Good morning fellow shareholders and Board Members.

 My name is Tracey Rembert and I represent CBIS, an asset manager for Catholic institutions worldwide, and 4 other filers, to present Item 6, calling for an assessment of risks from child sexual exploitation online.

In the 1980s, child pornography had all but been eliminated in the US market, through a crack-down on key distribution channels. But then those distribution channels changed. The Internet ushered in a wave of new technologies, like personal internet access and mobile devices containing high quality digital cameras. Images could be produced anywhere, and then emailed, or stored in the cloud, and were sent with increasing speed. In the past 20 years, what was once a crime largely wiped out is now a flourishing marketplace. The innovations and technologies our company is rightly proud of, have also had the unintended consequence of making it easier to commit sexual crimes against children. Email accounts, digital advertising exchanges, wireless data, cloud storage, online user content—they all help facilitate child sex exploitation. And Verizon depends upon all of them for revenues.

The National Center for Missing and Exploited Children noted that over 45 MILLION images and videos were reported to its Cyber Tipline in 2018–double the number from the prior year. Those reports overwhelmingly originated from just 12 companies, including Verizon. Child sex abuse material is a societal problem, but it is almost entirely manifesting and growing in the ICT sector. We believe that Verizon needs to demonstrate to investors that it is properly assessing the risk to children and itself from this growing threat.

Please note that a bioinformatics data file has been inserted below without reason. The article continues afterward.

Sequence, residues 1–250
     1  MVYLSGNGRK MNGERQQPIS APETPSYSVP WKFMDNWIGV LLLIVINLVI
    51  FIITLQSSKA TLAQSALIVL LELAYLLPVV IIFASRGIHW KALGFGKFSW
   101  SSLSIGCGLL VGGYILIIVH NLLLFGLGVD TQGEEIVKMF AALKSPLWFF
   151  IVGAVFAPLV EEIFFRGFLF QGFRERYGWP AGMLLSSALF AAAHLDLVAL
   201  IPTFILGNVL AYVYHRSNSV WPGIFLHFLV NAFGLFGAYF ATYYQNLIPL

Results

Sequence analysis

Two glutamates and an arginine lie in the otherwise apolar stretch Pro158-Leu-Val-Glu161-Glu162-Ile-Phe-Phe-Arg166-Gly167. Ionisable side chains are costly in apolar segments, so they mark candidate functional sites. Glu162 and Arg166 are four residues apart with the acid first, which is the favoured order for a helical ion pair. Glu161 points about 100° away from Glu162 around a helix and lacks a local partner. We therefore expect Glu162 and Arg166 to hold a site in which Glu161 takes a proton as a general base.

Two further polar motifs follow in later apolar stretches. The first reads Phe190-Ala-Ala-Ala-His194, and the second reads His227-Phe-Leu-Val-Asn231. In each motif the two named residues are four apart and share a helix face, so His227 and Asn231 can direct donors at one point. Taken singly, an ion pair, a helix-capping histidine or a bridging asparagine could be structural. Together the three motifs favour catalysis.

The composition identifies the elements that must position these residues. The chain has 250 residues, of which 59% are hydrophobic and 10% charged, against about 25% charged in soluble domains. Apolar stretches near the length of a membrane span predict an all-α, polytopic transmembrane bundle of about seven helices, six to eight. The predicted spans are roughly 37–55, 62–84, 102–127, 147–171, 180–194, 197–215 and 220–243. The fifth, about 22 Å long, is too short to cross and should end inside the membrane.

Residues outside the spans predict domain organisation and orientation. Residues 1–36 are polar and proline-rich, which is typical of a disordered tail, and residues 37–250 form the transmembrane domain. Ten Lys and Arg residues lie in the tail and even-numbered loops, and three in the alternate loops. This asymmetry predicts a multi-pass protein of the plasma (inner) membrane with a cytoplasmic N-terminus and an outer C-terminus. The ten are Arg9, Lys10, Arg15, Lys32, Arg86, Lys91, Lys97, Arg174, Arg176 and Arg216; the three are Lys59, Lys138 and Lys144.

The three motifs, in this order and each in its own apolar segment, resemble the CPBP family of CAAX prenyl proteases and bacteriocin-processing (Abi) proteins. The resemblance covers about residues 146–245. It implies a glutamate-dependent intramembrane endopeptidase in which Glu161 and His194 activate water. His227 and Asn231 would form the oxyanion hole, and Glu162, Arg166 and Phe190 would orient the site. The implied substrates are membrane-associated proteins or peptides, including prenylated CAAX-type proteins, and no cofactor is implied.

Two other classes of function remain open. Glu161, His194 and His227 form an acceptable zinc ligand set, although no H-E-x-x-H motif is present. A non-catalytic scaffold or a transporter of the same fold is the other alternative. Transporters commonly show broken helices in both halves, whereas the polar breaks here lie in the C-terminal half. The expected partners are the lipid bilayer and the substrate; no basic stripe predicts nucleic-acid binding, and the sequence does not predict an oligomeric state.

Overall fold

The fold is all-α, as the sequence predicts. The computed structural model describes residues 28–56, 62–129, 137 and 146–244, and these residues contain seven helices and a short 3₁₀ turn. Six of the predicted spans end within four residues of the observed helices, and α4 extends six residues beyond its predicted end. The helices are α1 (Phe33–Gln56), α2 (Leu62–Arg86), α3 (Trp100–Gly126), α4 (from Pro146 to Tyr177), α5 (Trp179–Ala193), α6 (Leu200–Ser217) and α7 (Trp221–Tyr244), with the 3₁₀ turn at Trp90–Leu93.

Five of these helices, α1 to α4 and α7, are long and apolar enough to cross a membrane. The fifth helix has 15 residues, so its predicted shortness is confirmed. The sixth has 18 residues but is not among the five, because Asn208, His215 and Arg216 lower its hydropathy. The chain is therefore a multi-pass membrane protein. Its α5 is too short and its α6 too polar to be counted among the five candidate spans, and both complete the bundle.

There are a number of leading practices that Verizon’s global peers take advantage of–but where it looks like Verizon does not– to try and shield children from abuse. They start with major efforts to educate users—especially kids — about the risks that await them online. They also include actions like:

  • Conducting research and surveys on how children are at risk while interacting with key products and platforms;
  • Partnering with child experts to do a children’s risk assessment across the business
  • Reporting metrics related to identifying, blocking and taking down child sex imagery. And other innovative approaches.

We asked Verizon to show us how they were assessing their own effectiveness internally in dealing with this issue. The company could not provide metrics, nor goals nor objectives. It couldn’t provide information on how the board oversaw or understood this risk. It couldn’t provide evidence that its initiatives were enterprise-wide and consistently applied.

The company has also faced recent global controversy around child sex abuse content on its Tumblr platform. Media reports noted users complaining for years that child sex imagery was being distributed on Tumblr.

The filers believe that failure to substantially tackle this growing risk to children may pose regulatory and litigation risk, and clearly brand risk, and in turn, hinder the company’s strategies for growth. We also believe that our new CEO, Mr. Vestberg, is uniquely placed on several external boards—including the World Childhood Foundation—where he can bring experts to the table to make a real difference on this threat.

We ask shareholders to support Item 6, and we ask Verizon to show leadership on an issue critical to the safety of future Verizon customers.